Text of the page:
A new report on safeguarding processes in child contact centres in England has recommended mandatory safeguarding and domestic abuse training for all contact centre staff.
The report, conducted by Cordis Bright and commissioned by the Ministry of Justice (MoJ), aims to meet the requirements of Section 83(1) of the Domestic Abuse Act 2021 to produce a report on the extent to which individuals, when they are using contact centres in England, are protected from the risk of domestic abuse or, in the case of children, other harm.
One key finding presented by the report is that contact centres provide an important service and enable thousands of parents/carers to have contact with their children safely.
It went on to indicate several aspects of current processes which contribute to effective safeguarding of adults and children. These include strong commitments to safeguarding and child protection, thorough approaches to risk assessment at point of referral, supportive staff networks, comprehensive recording processes, and preventative measures which are generally able to promote the physical safety and security of parents/carers and children.
The report did, however, state that there is scope to improve both emotional safeguarding and the provision of specialist domestic abuse training for staff.
Victim-survivors and children stated that they do not feel protected from trauma and distress before and after contact sessions, and interviewed staff did not feel confident managing disclosures, or recognising and responding to incidents of emotional abuse or coercive control. Only 11% of surveyed staff and volunteers had received specialist domestic abuse training over the last 12 months.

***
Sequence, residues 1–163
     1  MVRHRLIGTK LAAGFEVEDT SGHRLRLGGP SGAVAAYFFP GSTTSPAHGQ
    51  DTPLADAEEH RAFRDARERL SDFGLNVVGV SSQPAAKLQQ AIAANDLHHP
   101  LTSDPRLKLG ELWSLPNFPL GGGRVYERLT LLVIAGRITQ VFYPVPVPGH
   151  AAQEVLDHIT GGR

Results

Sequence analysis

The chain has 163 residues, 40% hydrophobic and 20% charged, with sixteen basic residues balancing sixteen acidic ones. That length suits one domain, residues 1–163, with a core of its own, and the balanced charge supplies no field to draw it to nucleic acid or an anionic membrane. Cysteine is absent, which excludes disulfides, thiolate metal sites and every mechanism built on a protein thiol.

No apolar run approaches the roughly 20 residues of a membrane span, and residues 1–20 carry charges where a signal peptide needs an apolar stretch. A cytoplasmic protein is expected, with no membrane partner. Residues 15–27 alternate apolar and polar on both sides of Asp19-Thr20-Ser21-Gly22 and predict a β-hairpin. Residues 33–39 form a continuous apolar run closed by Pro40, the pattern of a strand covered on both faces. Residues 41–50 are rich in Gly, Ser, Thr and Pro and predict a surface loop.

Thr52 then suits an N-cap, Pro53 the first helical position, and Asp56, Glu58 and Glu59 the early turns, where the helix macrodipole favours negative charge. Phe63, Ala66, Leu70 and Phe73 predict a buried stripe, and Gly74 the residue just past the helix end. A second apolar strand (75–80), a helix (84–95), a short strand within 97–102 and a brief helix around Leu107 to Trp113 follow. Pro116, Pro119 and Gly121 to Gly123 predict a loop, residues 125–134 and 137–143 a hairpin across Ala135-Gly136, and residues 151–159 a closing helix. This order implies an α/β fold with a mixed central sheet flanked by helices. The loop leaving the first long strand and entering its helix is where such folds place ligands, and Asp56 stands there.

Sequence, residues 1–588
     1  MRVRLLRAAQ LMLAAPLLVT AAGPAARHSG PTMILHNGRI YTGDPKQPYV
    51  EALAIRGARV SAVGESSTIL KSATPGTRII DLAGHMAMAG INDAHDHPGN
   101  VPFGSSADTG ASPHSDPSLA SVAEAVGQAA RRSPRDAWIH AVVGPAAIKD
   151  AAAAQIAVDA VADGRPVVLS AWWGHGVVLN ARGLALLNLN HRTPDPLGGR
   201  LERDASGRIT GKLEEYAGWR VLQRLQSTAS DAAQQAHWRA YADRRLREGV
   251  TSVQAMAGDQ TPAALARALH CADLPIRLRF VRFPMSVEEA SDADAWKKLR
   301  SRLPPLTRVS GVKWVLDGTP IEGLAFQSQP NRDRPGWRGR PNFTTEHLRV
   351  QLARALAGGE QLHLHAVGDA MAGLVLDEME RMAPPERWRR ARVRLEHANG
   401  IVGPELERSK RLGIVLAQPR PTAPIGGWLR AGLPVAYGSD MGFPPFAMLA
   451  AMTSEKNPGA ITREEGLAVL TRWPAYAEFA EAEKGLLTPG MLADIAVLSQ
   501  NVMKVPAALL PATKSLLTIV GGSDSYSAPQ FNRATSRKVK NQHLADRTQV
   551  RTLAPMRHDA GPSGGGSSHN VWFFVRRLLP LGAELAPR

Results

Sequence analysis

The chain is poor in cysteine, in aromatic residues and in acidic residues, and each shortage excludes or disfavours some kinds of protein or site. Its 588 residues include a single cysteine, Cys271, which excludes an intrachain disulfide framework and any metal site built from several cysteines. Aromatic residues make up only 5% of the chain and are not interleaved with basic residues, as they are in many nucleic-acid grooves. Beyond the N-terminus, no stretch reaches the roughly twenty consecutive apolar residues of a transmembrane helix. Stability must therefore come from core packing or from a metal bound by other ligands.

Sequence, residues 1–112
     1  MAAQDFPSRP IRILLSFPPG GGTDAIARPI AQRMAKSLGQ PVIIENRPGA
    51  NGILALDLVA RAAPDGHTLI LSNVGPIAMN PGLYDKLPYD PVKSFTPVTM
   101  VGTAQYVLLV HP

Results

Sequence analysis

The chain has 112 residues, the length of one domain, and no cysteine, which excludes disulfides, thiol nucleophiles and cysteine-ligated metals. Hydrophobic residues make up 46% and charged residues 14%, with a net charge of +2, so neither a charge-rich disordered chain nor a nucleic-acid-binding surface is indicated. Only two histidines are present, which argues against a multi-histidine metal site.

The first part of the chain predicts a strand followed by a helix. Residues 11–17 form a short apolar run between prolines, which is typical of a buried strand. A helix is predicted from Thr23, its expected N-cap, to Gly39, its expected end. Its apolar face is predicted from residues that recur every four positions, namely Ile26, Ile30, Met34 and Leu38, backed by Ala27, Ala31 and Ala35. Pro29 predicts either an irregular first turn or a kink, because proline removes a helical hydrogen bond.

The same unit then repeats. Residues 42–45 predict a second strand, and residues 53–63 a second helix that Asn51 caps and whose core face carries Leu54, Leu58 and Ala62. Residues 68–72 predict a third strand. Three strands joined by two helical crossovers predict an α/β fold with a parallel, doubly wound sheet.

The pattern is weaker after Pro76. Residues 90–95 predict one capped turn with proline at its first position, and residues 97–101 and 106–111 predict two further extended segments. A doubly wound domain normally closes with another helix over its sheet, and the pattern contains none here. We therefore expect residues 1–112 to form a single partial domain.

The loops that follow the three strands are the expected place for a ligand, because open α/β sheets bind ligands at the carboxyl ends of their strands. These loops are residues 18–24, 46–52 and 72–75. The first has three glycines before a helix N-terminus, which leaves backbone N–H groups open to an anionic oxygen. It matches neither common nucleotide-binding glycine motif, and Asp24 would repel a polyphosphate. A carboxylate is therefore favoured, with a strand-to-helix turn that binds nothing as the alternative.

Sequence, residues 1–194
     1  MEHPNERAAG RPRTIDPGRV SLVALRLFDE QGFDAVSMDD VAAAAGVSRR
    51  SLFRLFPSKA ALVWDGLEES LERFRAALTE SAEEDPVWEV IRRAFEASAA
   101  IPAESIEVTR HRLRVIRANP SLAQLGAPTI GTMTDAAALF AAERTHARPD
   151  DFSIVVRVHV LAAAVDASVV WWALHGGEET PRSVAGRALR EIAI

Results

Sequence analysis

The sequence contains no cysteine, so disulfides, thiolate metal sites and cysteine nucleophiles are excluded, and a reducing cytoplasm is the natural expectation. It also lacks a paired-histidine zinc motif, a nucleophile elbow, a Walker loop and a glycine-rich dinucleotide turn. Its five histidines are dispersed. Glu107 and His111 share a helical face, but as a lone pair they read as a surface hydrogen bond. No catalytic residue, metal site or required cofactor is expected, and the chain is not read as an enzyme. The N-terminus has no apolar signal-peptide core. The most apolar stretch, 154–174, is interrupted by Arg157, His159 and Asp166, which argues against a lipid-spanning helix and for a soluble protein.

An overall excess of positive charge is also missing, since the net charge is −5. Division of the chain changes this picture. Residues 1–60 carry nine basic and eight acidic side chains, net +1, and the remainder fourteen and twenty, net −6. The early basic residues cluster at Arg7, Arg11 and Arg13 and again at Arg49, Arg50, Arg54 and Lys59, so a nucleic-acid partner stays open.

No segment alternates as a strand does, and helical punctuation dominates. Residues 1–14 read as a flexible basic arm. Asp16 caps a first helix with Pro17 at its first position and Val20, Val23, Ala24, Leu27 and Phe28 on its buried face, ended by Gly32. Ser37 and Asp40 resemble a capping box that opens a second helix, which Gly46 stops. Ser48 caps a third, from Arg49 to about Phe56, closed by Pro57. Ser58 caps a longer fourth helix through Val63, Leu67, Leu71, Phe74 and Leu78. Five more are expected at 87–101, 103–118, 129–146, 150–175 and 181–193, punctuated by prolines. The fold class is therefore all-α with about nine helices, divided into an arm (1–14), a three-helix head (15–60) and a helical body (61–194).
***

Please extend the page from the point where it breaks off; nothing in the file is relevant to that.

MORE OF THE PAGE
Findings also highlighted the importance of a system-wide approach to safeguarding adults and children from the risk of domestic abuse and other harm.
Evidence suggests that contact centres are increasingly used by referral organisations – particularly family courts – as a key protective factor to mitigate the risk domestic abuse.
However, stakeholders stated they are not a standalone solution, and that there is a need for (1) ensuring referrals to contact centres are appropriate and form part of a network of support from specialist services, and (2) multi-agency approaches to risk assessment, which are regularly updated both on an ongoing basis and as contact arrangements are reviewed.
The above findings led to the report making six evidence-led recommendations:
- Introduce robust, mandatory safeguarding and domestic abuse training for all contact centre staff and volunteers.
- Ensure robust, system wide approaches to risk assessment and risk management, including the provision of specialist support for parents/carers and children.
- Establish processes to centre the voice and experience of the child and parent/carer at all stages of parental involvement, i.e. from referral through to contact progression.
- Establish mechanisms to support and develop the role of contact centres in multi- agency risk assessment of families and children at a local level.
- Support greater exchange of learning and good practices, to improve consistency across contact centre practices and policies.
- Review funding and investment into contact centre provision to ensure locally accessible and affordable provision across England.